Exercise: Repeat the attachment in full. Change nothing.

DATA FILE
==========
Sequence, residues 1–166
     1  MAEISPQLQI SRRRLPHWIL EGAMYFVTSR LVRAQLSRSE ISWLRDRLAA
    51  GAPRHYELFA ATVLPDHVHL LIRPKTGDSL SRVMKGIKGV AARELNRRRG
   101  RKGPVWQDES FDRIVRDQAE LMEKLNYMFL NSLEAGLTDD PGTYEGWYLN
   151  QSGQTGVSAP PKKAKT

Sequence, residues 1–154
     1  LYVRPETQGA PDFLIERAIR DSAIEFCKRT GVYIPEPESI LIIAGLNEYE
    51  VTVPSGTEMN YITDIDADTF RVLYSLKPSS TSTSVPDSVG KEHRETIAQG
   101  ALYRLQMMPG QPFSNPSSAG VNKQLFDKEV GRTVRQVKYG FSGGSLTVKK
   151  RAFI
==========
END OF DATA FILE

Sequence, residues 1–166
     1  MAEISPQLQI SRRRLPHWIL EGAMYFVTSR LVRAQLSRSE ISWLRDRLAA
    51  GAPRHYELFA ATVLPDHVHL LIRPKTGDSL SRVMKGIKGV AARELNRRRG
   101  RKGPVWQDES FDRIVRDQAE LMEKLNYMFL NSLEAGLTDD PGTYEGWYLN
   151  QSGQTGVSAP PKKAKT

Sequence, residues 1–154
     1  LYVRPETQGA PDFLIERAIR DSAIEFCKRT GVYIPEPESI LIIAGLNEYE
    51  VTVPSGTEMN YITDIDADTF RVLYSLKPSS TSTSVPDSVG KEHRETIAQG
   101  ALYRLQMMPG QPFSNPSSAG VNKQLFDKEV GRTVRQVKYG FSGGSLTVKK
   151  RAFI